In the footsteps of the women of the Marais

Their presence can still be felt in the private mansions where they once lived.

From the Place des Vosges to the Hôtel de Sens, and from the Village of St Paul to the Hôtel de Beauvais, the women of the Marais truly made an impact in the streets between the Rue de Rivoli and the Seine.

Their names will be familiar, but picturing them where they once lived brings their legacies to life:

- First, our illustrious letter-writer, Madame de Sevigné, who through the 2,000 letters she wrote to her daughter, produced a definitive account of the time of Louis XIV.

- Ninon de Lenclos, nicknamed “Notre Dame des Amours”, a 17th-century author and courtesan.

- Juliette Drouet, faithful to her Victor (Hugo) for 50 years: “My dear Victor, never forget that I love you, and that were you to cast one glance at another woman, that would be enough to kill me” (1834 letter “For you”).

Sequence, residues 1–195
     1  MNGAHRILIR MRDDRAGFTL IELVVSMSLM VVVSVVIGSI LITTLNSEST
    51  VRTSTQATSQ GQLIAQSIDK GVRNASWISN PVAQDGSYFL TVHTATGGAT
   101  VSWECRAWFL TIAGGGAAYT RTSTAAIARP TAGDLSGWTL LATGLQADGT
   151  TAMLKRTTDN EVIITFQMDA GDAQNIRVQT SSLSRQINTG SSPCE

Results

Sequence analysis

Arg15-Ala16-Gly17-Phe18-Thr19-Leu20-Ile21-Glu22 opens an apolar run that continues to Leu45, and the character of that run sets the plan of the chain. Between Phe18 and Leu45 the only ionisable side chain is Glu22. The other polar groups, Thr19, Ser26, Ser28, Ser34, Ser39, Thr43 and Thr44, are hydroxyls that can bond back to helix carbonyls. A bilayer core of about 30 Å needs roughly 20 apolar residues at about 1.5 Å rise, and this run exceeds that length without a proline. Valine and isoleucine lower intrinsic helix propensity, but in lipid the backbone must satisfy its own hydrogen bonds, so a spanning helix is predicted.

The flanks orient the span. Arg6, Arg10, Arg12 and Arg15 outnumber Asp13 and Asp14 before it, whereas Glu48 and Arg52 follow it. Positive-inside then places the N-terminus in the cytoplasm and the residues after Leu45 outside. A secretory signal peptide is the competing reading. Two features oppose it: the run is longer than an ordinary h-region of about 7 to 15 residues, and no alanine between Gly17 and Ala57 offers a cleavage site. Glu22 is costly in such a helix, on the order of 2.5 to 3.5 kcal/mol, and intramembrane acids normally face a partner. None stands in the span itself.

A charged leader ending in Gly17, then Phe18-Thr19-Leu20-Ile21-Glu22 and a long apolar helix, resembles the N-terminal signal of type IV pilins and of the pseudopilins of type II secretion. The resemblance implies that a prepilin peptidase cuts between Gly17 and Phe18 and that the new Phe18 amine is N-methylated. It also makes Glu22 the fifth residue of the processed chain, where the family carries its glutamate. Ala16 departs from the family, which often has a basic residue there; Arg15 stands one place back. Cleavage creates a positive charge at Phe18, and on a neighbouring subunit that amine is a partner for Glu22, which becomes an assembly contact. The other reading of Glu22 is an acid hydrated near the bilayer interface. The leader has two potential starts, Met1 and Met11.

- Christine de Pisan, 15th-century philosopher and poet, who was the first woman to make a living as a writer,

- and finally Catherine Beauvais, first lady-in-waiting and confidante of Anne of Austria (Louis XIV’s mother), who received from her mistress stones intended for the Louvre with which to build her own private mansion (1660).

As you can see, a true treasure-trove of personalities just waiting to be discovered!

Le quartier du Marais

By Michèle Reslinger - Guided walks in Paris

Galerie photo

Madame de Sevigné Ninon de Lenclos Juliette Drouet Christine de Pisan Catherine Beauvais